Segrave, Sir Henry O’Neal de Hane (1896–1930), land and water speed record-holder, was born in Baltimore, Maryland, on 22 December 1896, the only child of Charles William Segrave, Anglo-Irish landowner of co. Wicklow, later of co. Tipperary, and his first wife, Mary Lucy, daughter of James Kemp Harwood, officer in the US Navy; she died in 1898. Educated, unremarkably, at Eton College and, briefly, at the Royal Military College, Sandhurst, Segrave was commissioned into the Royal Warwickshire regiment. Wounded in France in May 1915, he transferred to the Royal Flying Corps (RFC) in October, and gained his wings in January. Twice shot down, wounded, and now a captain, he was grounded first at the War Office, later with the RFC headquarters in France, and finally at the Air Council before a posting to Washington (now a major) with the British aviation mission in June 1918. On 4 October 1917 he married Doris Mary, a comedy actress, daughter of George Stocker. There were no children.

A keen owner of fast motorcycles and cars since he was fifteen, Segrave set out after the war to be a racing driver. On his showing at the Brooklands circuit with a pre-war 4½ litre Opel and by persistent importuning, he was accepted, in 1921, as a team driver by Louis Hervé Coatalen, designer and racing manager to Sunbeam (of the Anglo-French concern Sunbeam-Talbot-Darracq). That year Segrave won the Brooklands 200 mile race from his team-mates Kenelm Lee Guinness and Malcolm Campbell. In 1923 he became, at Tours, the only Briton until 1938 (and Sunbeam the only British car until 1957) to win a European grand prix. He raced successfully with Sunbeam, preferring roads to track, and winning three further grands prix, until the end of 1927, when he retired, believing that owing to the near state of perfection which the automobile has reached … the need for carrying out experiments along unorthodox lines has diminished. Therefore the need for constructing specialized cars will automatically diminish also … the curve of what is physically possible will intersect the curve of what is practically worthwhile. (H. O. D. Segrave, The Lure of Speed, 1928, 24, 262)

The proper place for fast engines would, in the future, be where they operated most efficiently—in the air. Segrave then took to record-breaking. Already, briefly, holder of the world’s flying-start kilometre (152.33 m.p.h. on Southport Sands in 1926), he was the first person to travel at 200 m.p.h. over the mile: on 29 March 1927 at Daytona Beach, Florida, driving the huge chain-driven Sunbeam, powered by two First World War Matabele 22½ litre aero-engines, designed by Coatalen, he averaged 203.988 m.p.h. over the mile. Two years later, again at Daytona, on 11 March 1929, he recaptured the record from the American Ray Keech at 231.362 m.p.h. in Golden Arrow, designed by Captain J. S. Irving with a 900 hp aero-engine hired from Napier and originally designed for the Schneider trophy-winner Supermarine seaplane. For this feat he was received by President Herbert Hoover and knighted by King George V.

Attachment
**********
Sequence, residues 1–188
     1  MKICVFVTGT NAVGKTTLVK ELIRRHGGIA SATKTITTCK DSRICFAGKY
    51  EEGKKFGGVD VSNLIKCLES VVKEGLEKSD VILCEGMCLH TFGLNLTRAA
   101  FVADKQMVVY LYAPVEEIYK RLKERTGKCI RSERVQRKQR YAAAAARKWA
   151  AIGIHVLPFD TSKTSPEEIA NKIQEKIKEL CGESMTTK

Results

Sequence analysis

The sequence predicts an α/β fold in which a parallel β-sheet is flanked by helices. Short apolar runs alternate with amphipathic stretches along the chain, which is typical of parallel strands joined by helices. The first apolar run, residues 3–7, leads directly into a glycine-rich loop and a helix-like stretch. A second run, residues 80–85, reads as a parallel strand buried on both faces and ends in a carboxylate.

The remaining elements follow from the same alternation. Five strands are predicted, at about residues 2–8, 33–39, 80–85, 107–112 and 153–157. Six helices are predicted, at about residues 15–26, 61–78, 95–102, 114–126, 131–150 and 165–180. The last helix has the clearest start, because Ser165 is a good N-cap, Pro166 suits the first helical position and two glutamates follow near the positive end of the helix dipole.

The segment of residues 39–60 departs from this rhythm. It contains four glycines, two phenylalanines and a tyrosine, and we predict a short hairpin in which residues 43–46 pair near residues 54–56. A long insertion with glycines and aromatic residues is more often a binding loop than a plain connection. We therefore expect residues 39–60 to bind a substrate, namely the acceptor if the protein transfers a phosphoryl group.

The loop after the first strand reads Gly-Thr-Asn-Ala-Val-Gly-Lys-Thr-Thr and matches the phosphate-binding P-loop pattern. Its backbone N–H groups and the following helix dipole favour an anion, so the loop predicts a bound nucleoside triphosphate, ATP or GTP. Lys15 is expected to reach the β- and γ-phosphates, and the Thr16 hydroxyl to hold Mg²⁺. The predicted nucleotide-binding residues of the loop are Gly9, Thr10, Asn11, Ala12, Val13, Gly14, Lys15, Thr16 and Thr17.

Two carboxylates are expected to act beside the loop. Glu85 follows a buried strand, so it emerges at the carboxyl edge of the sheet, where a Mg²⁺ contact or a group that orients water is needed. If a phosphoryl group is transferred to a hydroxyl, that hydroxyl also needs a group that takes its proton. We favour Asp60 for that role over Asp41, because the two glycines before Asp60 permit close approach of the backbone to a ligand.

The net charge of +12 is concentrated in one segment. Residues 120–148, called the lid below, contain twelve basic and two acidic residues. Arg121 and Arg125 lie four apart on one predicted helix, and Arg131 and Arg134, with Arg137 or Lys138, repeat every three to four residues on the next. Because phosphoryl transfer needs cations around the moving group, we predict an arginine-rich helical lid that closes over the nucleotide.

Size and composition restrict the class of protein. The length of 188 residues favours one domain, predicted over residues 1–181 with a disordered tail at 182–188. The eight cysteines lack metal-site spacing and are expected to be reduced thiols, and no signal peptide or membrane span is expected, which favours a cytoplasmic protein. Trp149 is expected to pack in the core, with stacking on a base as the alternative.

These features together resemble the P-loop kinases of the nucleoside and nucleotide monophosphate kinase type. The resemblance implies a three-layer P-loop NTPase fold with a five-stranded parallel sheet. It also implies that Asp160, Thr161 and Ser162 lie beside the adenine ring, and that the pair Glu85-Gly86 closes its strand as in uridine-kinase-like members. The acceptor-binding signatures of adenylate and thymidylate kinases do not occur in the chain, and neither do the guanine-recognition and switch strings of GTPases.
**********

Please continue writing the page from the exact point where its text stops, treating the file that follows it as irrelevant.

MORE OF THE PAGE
In May 1927 Segrave had started racing boats. After limited success with Miss England I in America, he returned to the challenge in 1930 in Miss England II, using two Rolls-Royce racing aero-engines. On Windermere on Friday 13 June 1930, he took the world mile record at 98.76 m.p.h., beating the record of the American holder, Commodore Garfield Wood, by 6 m.p.h. On a third run, the boat hit a floating object, capsized at speed, drowning a mechanic and mortally wounding Segrave, who died at Belle Grange, near Hawkshead, hours later, the holder of both land and sea records.

Though of independent means, Segrave worked first with KLG sparking plugs in 1920, as competition manager, then for Sunbeam from 1924, as head of their London sales department. In 1927 he joined the Portland Cement Company, who denied him car-racing rights but went on to be a sponsor for Golden Arrow. In 1927 and 1929 he designed stylish bodies for the Hillman 12 hp and then Straight Eight chassis; as technical adviser to the Aircraft Investment Corporation, which he joined in 1929, he shared in the design of the Segrave Meteor, an advanced four-seater, twin-engined monoplane.

Serious-minded and highly practical, Segrave trained hard for everything he did. Cool foresight and a quick mind enabled him to react swiftly in an emergency. He never crashed a car while racing—a rare distinction. Handsome and articulate, a keen patriot, he was greatly liked on both sides of the Atlantic. Brave, adventurous, single-minded, he died a national hero. As a Times leader put it: ‘A man of genius in his own field, he must be counted among those who have deserved well of their kind, and his name will be remembered in honour’ (The Times, 13). After cremation at Golders Green crematorium his ashes were scattered over Eton playing fields from his own plane. His wife survived him.


The Times (14 June 1930), 13–14 · C. Posthumus, Sir Henry Segrave (1961) · C. Posthumus, Land speed record (1971) · m. cert.


BFINA, ‘Another success for Segrave’, Gaumont Graphic, 21 March 1929 · BFINA, ‘Fastest man in the world’, Topical Budget, 14 March 1929 · BFINA, ‘Florida: all British motoring triumph’, Topical Budget, 31 March 1927 · BFINA, ‘Golden arrow, a record of Major Segrave’s triumphant recovery of the Wakefield trophy’, 1929 · BFINA, ‘Segrave drives auto 231–36 miles an hour new world special mark’, MGM News, 25 March 1929 · BFINA, ‘Segrave record breaking attempt and death’, 1930 · BFINA, ‘Windermere — victory and death’, British Screen News, 13 June 1930

Wealth at death 

£17,868 4s. 2d.: probate, 22 July 1930, CGPLA Eng. & Wales

H. G. Pitt